April 08th 2022

Up-cycling pomace through antioxidant extraction

How to retrieve valuable micronutrients from a waste material of the food industry

Pomace is a waste material of juice production and mainly consists of stems, peels and kernels. Pomace still holds many valuable nutrients, such as e.g. antioxidants. Antioxidants are substances, which are able to protect cells from oxidative stress, which is why they are often added to food as well as cosmetic products. Consequently, the extraction of these compounds for use in other products would be favourable. Retrieval of antioxidants from pomace can however prove to be challenging because structural elements in plants, such as e.g. cellulose and pectinase, can decrease the extractability of these substances. This is why a research project was conducted to investigate to what extent structural elements inhibit antioxidant extraction from pomace and how enzymatic degradation of said structural elements influences the extractability of antioxidants. Additionally, differences between pomaces of hard (e.g. carrots and apples) and soft (e.g. aronia and currant) fruits were examined.

Over the course of the project apple, aronia, carrot, currant and grape pomace was investigated (see figure 1). Antioxidants were extracted from pomace with and without enzymes, which break down structural elements. More precisely, pectinase was used as an enzyme. Additionally, the amount of structural elements was measured as well. As expected, apple and carrot pomace had the highest and aronia and currant the lowest amount of the structural element pectin. Grape pomace showed a mid-rage amount of pectin.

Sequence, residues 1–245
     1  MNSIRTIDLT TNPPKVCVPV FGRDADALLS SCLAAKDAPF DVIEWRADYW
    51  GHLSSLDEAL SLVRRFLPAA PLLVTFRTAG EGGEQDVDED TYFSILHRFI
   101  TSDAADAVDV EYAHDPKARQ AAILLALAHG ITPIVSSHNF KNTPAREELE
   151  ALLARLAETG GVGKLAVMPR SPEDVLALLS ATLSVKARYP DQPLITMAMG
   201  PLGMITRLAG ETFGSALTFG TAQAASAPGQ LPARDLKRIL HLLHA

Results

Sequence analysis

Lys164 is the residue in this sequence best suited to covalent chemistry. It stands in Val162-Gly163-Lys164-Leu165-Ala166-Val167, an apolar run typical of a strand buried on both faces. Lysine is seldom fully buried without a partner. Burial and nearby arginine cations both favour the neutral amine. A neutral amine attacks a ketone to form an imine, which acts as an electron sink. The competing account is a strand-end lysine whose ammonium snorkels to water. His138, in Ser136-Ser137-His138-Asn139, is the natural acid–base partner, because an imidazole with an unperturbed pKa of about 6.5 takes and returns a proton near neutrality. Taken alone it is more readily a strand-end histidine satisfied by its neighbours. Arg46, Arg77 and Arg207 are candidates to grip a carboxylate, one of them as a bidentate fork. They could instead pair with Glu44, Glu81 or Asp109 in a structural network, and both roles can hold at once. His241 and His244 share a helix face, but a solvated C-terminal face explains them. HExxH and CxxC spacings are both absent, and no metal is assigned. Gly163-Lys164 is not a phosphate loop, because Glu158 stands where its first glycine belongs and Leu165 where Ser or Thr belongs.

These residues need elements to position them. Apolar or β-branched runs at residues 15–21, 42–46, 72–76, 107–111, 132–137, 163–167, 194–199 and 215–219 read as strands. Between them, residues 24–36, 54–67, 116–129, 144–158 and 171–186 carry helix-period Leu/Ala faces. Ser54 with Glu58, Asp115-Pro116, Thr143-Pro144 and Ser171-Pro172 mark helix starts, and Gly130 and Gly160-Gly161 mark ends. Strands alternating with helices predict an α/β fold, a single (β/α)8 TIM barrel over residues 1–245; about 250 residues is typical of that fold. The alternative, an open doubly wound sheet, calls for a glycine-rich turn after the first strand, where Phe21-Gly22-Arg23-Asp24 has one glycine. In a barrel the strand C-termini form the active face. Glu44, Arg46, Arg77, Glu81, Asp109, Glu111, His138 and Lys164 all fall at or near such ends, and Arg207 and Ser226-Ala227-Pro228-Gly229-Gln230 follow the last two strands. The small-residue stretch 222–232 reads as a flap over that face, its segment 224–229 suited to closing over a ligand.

The amount of antioxidants was determined using a colorimetric method. Therefore, the colour intensity of a blue complex formed by antioxidants and an additive was measured (see figure 2). The more intense the colour, the more antioxidants were in the extract. The results of the extraction experiments showed that overall aronia and grape pomace hold the highest amount of antioxidants, while apple and carrot pomace hold the least (see figure 3). Furthermore, aronia and grape pomace contained a substantial amount of organic pigments. The degradation of structural elements lead to higher antioxidant extractability for all pomaces, but in currant this effect was especially pronounced. It was possible to extract twice the amount of antioxidants from currant pomace with the help of pectinase. Consequently, structural elements strongly inhibit extraction of antioxidants in this pomace. It might even be the case that antioxidants interact with structural elements, which further hinders their retrieval. Carrot pomace on the other hand showed the smallest increase in extractability after use of enzymes. Carrot pomace contains a high amount of structural elements, however, only a small amount of antioxidants. Furthermore, a majority of antioxidants in carrots are carotenoids, which are usually located in the outer layers of the plant, which is why their extraction is most likely not hindered by structural elements.

In a next step, the project aims at investigating the influence of degradation of other structural elements, such as cellulose on the extractability of antioxidants. It will be examined if only the amount of structural elements or type of structural element as well influences the extractability of antioxidants from various pomaces.

This project was funded by the Tiroler Wissenschaftsfond (title: Pomace as a source for micronutrients).


For further information, please get in touch with:

Verena Wiedemair
Teaching & Research Assistant
Department of Food Technology & Nutrition
+43 512 2070 – 3827

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